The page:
[up][up] Well, that is a theme, as I said, but the actual point of the story was that help should be given to all, even if you disagree with them politically (and by extension, religiously/socially/economically/etc). If that wasn't at least meant to be a point, than Jesus wouldn't have used a Samaritan as the example, He would just have said "some guy".

[up] I didn't say you can't criticize a belief, the entire point of my last post was a criticism of a belief. I said you couldn't decide that someone's beliefs are worse than yours. You can't just say, "You're a moron for believing this, so you're not a logical human being just like me." That's an ad hominem fallacy at its finest. Everyone believes in their beliefs just as strongly and (from their perspective) logically as you. You have to argue on their terms in order to show them what you think is a better way of thinking. Note how I used biblical evidence in my previous post to refute that claim, instead of talking about its social ramifications in general. That was intentional. Edit: Also note that I try not to cite the Bible in a theological discussion with an atheist, unless we're explicitly arguing on Christian terms. This is also intentional, as I believe it's the best way to discuss the topic. Even though I disagree with atheists, I still attempt to debate on their terms, so we have a logical jumping-off point.

Edit2: Looking back, this sounds really egotistical and pretentious. I didn't mean it to, honest.

edited 10th Dec '11 9:04:13 PM by TheEarthSheep

Still Sheepin'
 174 Fighteer, Sat, 10th Dec '11 9:02:56 PM from the Time Vortex Relationship Status: Dancing with Captain Jack Harkness
Belief, huh? There's a great subject, and a very broad one. In the most general sense, every aspect of human cognition is based around beliefs, from the mundane to the extravagant. I believe that the thing in front of me is an apple, and I believe that it will taste a certain way. I believe that going to work earns me a paycheck. You may believe that if you pray and live your life according to certain tenets, you will go to Heaven after you die.

The human experience is encompassed by the formulation of beliefs and testing them against reality to determine which work. My five year old son believes in Santa and quite probably Dora and Ezio Auditore (yes, I'm a bad parent, shoot me). Those are real beliefs, although the things that are believed in may not be.

The only things, to me, that distinguish the validity of one belief over another, are (a) their applicability to real life; (b) their ability to be falsified.

If I believe that the sun rises in the morning, that's pretty easy to test. If I believe that I can make a bus not hit me with the psychic power of my mind, that's also easy to test, although there are slightly worse consequences for being wrong.

When it comes to belief in things like Gods, Divine Law, and the like, the problem becomes evident: there's no way to test them against reality. I can't know if my belief is sane or not. I seek affirmation of my belief via the approval of my peers, which inherently leads to a kind of groupthink that is nearly impossible to debate.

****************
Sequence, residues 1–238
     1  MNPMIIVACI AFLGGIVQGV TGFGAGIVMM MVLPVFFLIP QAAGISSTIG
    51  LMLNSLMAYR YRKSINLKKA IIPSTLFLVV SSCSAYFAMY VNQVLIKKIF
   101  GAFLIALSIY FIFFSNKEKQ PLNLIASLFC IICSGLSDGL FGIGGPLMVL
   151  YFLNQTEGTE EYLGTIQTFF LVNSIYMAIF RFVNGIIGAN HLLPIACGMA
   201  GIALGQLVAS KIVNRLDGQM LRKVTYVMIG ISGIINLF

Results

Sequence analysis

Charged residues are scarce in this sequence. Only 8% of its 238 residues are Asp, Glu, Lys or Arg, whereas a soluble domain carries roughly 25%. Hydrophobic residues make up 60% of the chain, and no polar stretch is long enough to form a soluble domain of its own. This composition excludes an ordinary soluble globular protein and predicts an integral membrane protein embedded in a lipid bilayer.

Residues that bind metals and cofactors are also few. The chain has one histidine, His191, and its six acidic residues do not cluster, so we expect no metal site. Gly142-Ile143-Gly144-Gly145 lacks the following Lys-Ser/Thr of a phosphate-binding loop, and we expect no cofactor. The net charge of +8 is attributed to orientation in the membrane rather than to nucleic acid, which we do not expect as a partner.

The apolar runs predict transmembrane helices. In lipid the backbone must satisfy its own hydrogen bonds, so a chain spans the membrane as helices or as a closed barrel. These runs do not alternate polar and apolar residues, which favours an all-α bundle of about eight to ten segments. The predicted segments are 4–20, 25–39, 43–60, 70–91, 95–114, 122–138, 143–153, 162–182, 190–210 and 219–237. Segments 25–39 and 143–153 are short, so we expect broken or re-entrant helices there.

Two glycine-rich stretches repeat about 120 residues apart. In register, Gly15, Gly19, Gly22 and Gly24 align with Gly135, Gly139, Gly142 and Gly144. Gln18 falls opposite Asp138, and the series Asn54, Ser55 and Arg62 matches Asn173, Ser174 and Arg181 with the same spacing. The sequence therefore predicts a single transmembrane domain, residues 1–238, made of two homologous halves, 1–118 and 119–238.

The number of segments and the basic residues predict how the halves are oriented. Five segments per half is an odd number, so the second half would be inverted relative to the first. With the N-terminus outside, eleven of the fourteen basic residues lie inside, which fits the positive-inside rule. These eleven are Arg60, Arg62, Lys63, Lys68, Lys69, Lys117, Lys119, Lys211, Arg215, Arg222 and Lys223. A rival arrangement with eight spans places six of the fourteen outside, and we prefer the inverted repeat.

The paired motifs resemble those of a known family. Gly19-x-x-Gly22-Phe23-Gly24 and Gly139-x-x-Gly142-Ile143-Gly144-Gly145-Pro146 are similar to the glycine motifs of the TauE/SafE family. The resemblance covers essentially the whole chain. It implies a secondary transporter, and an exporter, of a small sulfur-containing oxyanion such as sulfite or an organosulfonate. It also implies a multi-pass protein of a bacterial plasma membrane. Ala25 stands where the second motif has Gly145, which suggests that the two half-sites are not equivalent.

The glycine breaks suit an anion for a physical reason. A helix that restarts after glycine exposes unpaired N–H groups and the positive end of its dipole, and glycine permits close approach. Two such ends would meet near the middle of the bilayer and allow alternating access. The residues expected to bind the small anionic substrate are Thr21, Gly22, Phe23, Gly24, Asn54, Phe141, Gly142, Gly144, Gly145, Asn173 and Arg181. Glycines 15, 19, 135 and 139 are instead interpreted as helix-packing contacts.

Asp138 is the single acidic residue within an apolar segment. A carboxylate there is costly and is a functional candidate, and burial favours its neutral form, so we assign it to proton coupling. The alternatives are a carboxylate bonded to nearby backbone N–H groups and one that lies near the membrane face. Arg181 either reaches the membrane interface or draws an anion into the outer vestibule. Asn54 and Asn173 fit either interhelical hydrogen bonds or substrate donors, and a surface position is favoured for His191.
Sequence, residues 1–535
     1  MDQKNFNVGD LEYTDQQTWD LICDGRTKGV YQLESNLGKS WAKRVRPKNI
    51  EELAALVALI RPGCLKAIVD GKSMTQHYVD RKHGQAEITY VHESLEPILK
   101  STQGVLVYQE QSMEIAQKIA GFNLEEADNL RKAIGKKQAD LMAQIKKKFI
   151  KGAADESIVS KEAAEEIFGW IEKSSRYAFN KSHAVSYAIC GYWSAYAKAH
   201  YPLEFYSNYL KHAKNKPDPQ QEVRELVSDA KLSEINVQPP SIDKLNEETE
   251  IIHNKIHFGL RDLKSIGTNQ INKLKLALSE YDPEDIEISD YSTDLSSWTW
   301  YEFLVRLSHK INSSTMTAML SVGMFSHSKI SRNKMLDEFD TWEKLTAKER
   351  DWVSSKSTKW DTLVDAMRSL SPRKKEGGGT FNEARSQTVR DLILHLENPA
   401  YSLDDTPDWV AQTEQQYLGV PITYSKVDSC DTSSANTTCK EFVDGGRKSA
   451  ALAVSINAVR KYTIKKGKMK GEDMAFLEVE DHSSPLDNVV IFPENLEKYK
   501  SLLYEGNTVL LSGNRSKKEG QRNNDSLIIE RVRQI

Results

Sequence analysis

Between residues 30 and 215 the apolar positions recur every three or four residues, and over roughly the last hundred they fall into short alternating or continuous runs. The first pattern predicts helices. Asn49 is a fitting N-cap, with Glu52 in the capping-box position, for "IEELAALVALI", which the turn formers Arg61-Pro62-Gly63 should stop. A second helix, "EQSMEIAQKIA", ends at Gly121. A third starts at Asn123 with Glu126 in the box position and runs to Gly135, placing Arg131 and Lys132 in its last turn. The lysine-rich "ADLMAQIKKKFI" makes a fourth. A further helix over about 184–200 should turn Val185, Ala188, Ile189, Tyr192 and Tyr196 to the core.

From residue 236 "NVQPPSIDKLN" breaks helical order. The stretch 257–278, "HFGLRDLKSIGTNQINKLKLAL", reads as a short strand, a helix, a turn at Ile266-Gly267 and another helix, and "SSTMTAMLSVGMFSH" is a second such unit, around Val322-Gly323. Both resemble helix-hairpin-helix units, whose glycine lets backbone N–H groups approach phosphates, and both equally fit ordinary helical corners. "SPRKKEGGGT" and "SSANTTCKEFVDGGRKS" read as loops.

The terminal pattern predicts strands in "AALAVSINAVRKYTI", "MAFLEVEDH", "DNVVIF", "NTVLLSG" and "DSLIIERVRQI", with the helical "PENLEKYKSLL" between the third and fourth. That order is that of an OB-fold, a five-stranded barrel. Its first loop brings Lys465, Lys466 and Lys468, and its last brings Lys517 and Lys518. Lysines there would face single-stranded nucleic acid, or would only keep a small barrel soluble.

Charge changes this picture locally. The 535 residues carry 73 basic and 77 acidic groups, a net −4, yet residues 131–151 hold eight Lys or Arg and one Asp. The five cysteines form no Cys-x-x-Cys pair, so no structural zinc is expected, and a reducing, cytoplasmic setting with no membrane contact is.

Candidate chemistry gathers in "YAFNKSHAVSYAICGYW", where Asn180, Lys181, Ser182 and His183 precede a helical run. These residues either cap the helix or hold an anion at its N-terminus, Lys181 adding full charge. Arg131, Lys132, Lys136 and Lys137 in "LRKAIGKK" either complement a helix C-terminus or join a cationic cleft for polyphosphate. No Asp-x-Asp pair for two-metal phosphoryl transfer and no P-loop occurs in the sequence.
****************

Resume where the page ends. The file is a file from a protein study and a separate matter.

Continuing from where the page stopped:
To take a relevant modern example, if someone opposes gay marriage on biological or sociological grounds, I expect that I could take that belief and apply scientific procedures to (in)validate it. If someone opposes gay marriage on the grounds that it's a sin against God, how do I argue it? There's no way to prove or disprove such an belief, while at the same time it is reinforced not by investigation of fact but by one's social identity. Change your belief and suddenly you no longer belong.

This is why I think that religious beliefs are dangerous — not because they are inherently more right or wrong than any others, but because they are not subject to the normal vetting processes that helps us tell reality from fantasy.

edited 10th Dec '11 9:05:47 PM by Fighteer

Ironically, the pursuit of the definition of happiness does not appear to be a happiness-maximizing behavior.
 175 The Earth Sheep, Sat, 10th Dec '11 9:07:43 PM from a Pasture hexagon
Christmas Sheep
[up] This is exactly the point I was trying to make. I know that Fighteer isn't a Christian, and thus doesn't believe in the Bible. From this, I know that, in order to get him to change in any way, I would have to accept his beliefs, and use them to refute him. Quoting the Bible at him would not help at all, because he doesn't believe in it. As he said, using sociological or biological evidence would help to refute his beliefs. If I were to argue against a Bible-thumping fundamentalist, I would use Biblical evidence to support the thesis that maybe homosexuality isn't actually against the "word of God". Using sociological or biological evidence would only piss him off.

That is what I mean when I say we have to accept each other's beliefs.

edited 10th Dec '11 9:08:44 PM by TheEarthSheep

Still Sheepin'
Total posts: 194